Manifesto Destiny Revisited

Philip Schlesinger makes a correction and raises a new question.

Hasan Bakhshi has written to correct my misquotation of the NESTA Manifesto’s definition of the creative economy.  I wrote:

‘those sectors which specialise in the use of creative talent for creative purposes’ (p.34)

But it should be:

‘those sectors which specialise in the use of creative talent for commercial purposes’ (p.34)

Hasan’s corrective nudge, however, has turned my attention to another matter.

He and his co-authors observe that in their proposal to redefine the key terms there is ‘only one bottomless item of complexity: the word creativity’ (p.34).  Not entirely so: if talent has more of a ‘bottom’ (or has been less over-used) it is nonetheless also very complex.

Thus a phrase like ‘creative talent’, while it trips off the tongue, carries much more symbolic freight than ‘creative occupation’, its intended synonym.

While ‘occupation’ is a relatively neutral, official descriptor of a type of work, in popular culture ‘talent’ is currently highly associated with wannabe celebrity. In The X Factor or Britain’s Got Talent context, it is deeply connected to being manufactured, ‘discovered’ and displayed for audience appraisal, thumbs up or down.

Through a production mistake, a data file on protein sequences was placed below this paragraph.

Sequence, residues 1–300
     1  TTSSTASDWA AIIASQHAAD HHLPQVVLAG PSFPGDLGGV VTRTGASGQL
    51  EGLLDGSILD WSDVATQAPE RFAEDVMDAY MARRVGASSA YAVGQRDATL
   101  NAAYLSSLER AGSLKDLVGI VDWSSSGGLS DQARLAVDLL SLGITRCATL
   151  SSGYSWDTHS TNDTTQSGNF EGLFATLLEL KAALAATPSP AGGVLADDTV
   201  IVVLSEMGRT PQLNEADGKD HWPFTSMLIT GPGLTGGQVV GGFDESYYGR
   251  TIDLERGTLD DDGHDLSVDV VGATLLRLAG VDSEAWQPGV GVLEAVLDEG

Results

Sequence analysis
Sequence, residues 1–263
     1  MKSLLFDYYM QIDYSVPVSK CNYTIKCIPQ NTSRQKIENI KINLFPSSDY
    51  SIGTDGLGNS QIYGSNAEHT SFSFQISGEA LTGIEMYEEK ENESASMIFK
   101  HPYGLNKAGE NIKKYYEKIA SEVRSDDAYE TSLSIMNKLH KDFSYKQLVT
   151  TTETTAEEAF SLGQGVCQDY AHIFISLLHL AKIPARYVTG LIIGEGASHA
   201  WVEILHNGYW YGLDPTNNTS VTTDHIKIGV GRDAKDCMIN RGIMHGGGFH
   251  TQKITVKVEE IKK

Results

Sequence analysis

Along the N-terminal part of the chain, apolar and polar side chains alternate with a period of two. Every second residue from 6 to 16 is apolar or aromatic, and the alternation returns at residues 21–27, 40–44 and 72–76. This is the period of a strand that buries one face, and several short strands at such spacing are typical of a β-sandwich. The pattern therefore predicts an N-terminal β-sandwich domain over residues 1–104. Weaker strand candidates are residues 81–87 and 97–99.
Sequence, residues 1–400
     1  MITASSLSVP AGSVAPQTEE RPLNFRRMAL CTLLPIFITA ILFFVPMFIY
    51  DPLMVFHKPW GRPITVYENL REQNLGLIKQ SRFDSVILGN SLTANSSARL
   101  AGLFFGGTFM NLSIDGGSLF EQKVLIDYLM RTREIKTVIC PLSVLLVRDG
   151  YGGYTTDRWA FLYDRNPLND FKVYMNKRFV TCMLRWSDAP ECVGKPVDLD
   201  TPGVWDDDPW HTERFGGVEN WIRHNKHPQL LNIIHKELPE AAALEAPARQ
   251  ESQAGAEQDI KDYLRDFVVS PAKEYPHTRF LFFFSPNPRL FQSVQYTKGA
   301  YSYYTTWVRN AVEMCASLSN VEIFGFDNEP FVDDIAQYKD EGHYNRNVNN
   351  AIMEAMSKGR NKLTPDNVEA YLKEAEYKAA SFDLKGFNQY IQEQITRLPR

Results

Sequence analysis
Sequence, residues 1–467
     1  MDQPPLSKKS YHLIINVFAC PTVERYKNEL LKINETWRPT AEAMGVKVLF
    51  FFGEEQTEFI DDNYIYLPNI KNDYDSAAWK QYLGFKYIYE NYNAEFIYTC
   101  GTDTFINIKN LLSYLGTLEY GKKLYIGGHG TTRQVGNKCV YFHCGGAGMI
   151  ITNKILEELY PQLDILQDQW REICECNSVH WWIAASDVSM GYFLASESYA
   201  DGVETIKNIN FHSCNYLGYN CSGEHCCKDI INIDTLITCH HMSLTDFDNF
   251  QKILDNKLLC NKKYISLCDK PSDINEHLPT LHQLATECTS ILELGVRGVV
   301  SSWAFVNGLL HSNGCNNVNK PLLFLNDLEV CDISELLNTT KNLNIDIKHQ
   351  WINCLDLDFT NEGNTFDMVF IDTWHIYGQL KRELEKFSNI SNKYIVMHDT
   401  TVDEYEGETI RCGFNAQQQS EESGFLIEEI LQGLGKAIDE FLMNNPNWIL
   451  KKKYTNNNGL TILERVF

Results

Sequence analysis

By comparison, in a self-developmental framework, ‘talent’ is deeply connected to craftsmanship, and advancement through self-discipline over extensive periods of time. There is another model, therefore, that of apprenticeship and necessary collaboration with others, as Richard Sennett’s The Craftsman has argued, stressing social relations and competences and pointing to wider moral economies in which culture is produced.

None of this is to decry commerce – cultural workers have to make a living, after all – but just to note, once again, that in the creativity debate (which Sennett would like to abolish as obscuring our understanding of cultural production) embedded terminologies can set up some very complex associations. And these will continue to fuel argument.

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